Setting out on our journey


Anthony and me on the first day of the project (photo: Reed Sandridge)

This story begins on February 19th, 2010. I was out of work – I was laid off at the end of September of 2009. The country was spiraling into the deepest depression since the thirties. Anthony was homeless. He sold the Street Sense newspaper to make enough money to get by each month – but not enough to leave his small patch of frozen sidewalk behind and get into an apartment.

Our lives crossed paths that day because of a personal project that I had embarked on. After being unemployed for about two and half months, I did something that most people would consider crazy. I started giving away money every day to a stranger. I wasn’t giving a lot of money away, heck, I didn’t have a lot of money to start with, but I did the math and had just enough money to make it a year (in case I couldn’t land a job) and still have a bit left over to fund a $10 a day project I called the Year of Giving.

The concept was born largely out of inspiration from my mother. She had passed away three years earlier and was one of the most generous people I have ever known – not in the sense that she ever had enough money to be philanthropic – but just in the simplistic way of thinking about others before herself. I believed the Year of Giving would honor her while at the same time free me from this idea that I was at the whim of the mighty dollar.

So I started on December 15, 2009 – the three-year anniversary of her passing. I gave away $10 that day – no strings attached – and did it every day for the next 364 days. You can check out the journey for yourself – here’s a link to Day 1.

So, back to February 19th, 2010. I was two months into my year-long journey when I met Anthony pacing back and forth atop a crackling layer of snow at the corner of 19th and M in DC. I didn’t know it then, but Anthony and I were just getting started.

After our chance encounter, which you can read about here, we stayed in touch. Often times just meeting up for coffee or lunch and I’d try to help him with some of the challenges that are all too common for the homeless.

Recently I found myself at odds though. I realized that my treating him to lunch now and then, while I’m sure it was appreciated, was doing very little to get Anthony off the streets. But what could I really do to help affect tangible change. I mean, I have no background in this. I am not a social worker nor have I ever been in his shoes (which reminds me – there’s a good story about Anthony’s shoes!)

Earlier this month he and I were having coffee at the Au Bon Pain just south of the spot where we originally met.

“A year from now – where do you want to be?” I asked him feeling as though I might come off a bit too preachy.

Anthony’s eyes were locked in on mine. “I want to be in an apartment – my own apartment,” he said peering through those big thick spectacles of his.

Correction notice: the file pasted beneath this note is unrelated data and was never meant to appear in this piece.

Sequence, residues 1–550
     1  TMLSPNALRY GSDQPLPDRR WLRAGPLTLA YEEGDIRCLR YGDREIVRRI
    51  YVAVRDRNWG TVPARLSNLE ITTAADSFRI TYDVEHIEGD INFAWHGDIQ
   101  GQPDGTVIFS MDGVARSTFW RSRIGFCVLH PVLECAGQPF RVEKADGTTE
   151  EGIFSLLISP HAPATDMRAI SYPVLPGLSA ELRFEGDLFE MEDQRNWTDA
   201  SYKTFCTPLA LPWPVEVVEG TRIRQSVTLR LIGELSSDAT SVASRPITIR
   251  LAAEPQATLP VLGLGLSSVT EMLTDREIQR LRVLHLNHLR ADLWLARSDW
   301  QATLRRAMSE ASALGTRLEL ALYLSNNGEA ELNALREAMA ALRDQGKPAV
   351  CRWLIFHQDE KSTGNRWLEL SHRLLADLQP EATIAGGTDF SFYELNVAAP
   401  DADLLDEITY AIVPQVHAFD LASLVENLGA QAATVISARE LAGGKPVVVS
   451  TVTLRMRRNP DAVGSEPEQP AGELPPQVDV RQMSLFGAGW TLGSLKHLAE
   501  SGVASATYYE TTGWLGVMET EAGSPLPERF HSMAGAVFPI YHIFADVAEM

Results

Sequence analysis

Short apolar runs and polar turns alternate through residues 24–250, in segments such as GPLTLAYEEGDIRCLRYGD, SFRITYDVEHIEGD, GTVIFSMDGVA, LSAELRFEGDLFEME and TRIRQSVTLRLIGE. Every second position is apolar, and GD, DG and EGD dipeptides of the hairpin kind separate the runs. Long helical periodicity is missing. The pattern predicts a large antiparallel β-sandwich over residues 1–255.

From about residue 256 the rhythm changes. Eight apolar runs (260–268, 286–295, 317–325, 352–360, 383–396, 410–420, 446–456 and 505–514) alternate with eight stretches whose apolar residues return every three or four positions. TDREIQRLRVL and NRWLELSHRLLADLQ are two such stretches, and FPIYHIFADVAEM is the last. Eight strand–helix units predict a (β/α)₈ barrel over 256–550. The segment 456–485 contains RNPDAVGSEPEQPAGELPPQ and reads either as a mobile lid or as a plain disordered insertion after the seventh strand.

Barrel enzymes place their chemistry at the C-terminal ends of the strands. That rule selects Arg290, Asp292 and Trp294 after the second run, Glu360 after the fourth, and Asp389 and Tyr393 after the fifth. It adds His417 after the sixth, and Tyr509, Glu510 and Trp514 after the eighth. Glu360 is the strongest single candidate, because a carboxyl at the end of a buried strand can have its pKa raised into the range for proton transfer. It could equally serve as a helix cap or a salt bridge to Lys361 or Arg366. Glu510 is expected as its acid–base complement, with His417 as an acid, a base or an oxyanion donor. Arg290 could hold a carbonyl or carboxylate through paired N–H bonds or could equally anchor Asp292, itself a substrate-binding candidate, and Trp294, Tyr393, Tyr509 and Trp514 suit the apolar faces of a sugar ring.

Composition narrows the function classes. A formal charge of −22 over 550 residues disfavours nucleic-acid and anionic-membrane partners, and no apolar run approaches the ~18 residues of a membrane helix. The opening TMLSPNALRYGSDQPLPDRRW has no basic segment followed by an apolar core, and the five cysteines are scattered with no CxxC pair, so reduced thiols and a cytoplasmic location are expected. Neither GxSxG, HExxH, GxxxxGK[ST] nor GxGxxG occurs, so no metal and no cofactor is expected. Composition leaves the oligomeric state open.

We parted ways and I headed up to Dupont to nest in the Starbucks that’s just north of the circle. I’ve been drifting from coffee shop to coffee shop lately finding free office space to work on my book – it’s a book about my journey of giving away the $10 every day. Anyway, it’s been almost two years since I finished the project and I haven’t even finished the book proposal. Sure, I have spent a lot of time writing and have a few chapters partially written, 25-30 pages of the proposal done, etc. but some how I’m just not making the kind of progress I want.


Sign outside of a tucked away cafe where Anthony and I had lunch today. When he told me he wanted to take me to the “The Works Cafe” I thought he said “Worst Cafe” – it turned out to be anything but that! Great little greasy spoon smack in the center of the city! (photo: Reed Sandridge)

What I need is a coach…someone to hold my feet to the fire. I need someone who cares about my project and who I wouldn’t want to let down. And then it hit me. Why not ask Anthony to be my coach. I’ve been so focused on helping him I didn’t see it – he could be the answer! “But he doesn’t know the first thing about writing a book,” I thought. And I guess that makes him the perfect coach given that I don’t know the first thing about how to really help someone pull themself out of the black hole of homelessness. We could create our own mini Mastermind group.

The next week we met up for lunch and I shared my idea with Anthony. He was excited about the possibility of getting off the streets – but frankly I think he was just as excited about helping me do something that was important to me. So here we are on November 27, 2012. This morning was our first meeting. We met for a couple of hours, started mapping out what we needed to accomplish to reach our goal and then setting up some basic working parameters for our project and defining some SMART goals (I can’t help it – I’m a businessman at the core) for each of us over the next year to help keep us on track. We agreed to meet every other Tuesday to review each other’s work.


Some of our to do list from Nov. 27, 2012

Part of a successful formula for making change is building a strong support base – and that’s where you come in. I figured it couldn’t hurt to open the door to the rest of the world to watch this experiment. You can provide guidance and encouragement – but more importantly we are now publicly accountable to you for our goals – a key element in my success plan for personal change.

So stay tuned, drop me an email, go visit Anthony at the corner of 19th and M (he’s in front of the Wells Fargo bank) and say hello. Give him some encouragement – tell him that you believe in him and what we are doing. Who knows – maybe you have some advice that will be the difference in us succeeding in this journey.

Tagged , , , , , ,

Leave a Reply

Your email address will not be published. Required fields are marked *